1765, July 12: Carolus Linnaeus Hears a Ghost

Carolus Linnaeus [1707 - 1778 CE], the botanist and scientist that formalized the system for naming and classifying living creatures that we still use today, had written an odd book titled the Nemesis Divina, which collected stories and anecdotes of his life, as well as snippets from scriptures and classic texts, that expressed the great man's view of the world and how it worked. When his son died it was assumed this particular volume had been lost, as all record of it ceased; but it turned up again around sixty years after Linnaeus' death in the bequest made by Dr. Acrele (a friend of the Linnaeus family) to the University of Upsala. So this volume only publically became available in 1873, when it was translated and published, just around a hundred years after Linnaeus' death... and in this volume there is a very odd event reported by the great man.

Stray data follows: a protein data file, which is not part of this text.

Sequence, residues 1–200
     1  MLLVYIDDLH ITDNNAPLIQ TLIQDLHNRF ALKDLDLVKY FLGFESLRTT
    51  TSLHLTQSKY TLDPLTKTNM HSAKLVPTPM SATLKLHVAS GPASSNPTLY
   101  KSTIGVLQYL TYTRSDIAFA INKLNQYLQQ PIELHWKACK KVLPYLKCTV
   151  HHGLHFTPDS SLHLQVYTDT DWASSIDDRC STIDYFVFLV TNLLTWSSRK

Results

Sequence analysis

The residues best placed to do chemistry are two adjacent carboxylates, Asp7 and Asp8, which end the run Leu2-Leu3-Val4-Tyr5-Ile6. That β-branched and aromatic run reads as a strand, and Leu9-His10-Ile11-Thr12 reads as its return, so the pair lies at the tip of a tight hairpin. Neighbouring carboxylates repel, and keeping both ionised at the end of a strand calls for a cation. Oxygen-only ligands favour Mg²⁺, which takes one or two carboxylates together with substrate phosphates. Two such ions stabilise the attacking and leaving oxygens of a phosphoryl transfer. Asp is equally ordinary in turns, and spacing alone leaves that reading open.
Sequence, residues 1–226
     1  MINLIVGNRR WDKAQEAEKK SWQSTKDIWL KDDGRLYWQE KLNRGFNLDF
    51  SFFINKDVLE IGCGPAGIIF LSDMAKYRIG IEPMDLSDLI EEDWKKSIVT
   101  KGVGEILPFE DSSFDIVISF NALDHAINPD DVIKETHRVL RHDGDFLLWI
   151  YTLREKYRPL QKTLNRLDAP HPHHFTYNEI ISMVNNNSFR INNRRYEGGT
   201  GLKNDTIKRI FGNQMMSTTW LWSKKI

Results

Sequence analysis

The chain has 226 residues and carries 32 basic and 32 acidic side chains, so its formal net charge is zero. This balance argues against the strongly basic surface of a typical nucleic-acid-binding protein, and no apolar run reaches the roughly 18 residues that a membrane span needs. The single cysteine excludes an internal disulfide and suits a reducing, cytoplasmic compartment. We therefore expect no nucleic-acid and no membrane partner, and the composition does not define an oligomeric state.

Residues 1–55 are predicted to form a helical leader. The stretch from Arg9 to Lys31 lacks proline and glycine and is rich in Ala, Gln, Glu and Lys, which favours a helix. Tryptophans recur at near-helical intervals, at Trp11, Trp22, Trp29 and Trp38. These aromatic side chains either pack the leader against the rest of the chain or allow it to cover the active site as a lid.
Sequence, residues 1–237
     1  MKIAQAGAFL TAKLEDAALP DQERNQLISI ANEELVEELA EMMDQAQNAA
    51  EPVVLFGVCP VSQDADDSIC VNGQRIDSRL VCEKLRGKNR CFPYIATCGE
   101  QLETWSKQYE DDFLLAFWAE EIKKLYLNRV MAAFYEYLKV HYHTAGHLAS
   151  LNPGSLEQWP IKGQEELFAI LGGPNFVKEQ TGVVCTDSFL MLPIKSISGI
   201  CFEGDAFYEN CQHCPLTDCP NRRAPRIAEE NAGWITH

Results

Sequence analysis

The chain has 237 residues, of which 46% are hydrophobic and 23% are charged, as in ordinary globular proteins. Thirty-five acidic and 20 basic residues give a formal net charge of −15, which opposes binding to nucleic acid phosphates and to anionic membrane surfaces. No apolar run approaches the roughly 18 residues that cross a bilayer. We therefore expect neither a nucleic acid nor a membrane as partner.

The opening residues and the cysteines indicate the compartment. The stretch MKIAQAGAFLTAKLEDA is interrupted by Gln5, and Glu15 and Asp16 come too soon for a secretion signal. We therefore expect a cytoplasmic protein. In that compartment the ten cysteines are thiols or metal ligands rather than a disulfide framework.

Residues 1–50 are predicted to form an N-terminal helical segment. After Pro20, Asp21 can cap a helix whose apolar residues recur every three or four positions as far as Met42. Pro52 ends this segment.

According to Linnaeus, his wife woke him as the clock chimed midnight and signaled the roll-over from July 12, 1765, to July 13, because she had heard someone walking in the museum that was a large part of their home on a farm outside of Uppsala, Sweden. Linnaeus heard the footsteps, too... and knew that no one was in the museum, for he had locked it himself and had the key with him. Stranger still, the long and heavy footsteps sounded very familiar.

        A few days later Linnaeus received news that an intimate friend of his, commissioner Carl Clerk, had passed away at around midnight on July 12-13. Linnaeus suddenly realized why the footsteps had sounded familar; when Linnaeus lived in Stolkholm, he used to know when Clerk was approaching him because of the distinctive sound of Clerk's heavy footed walk...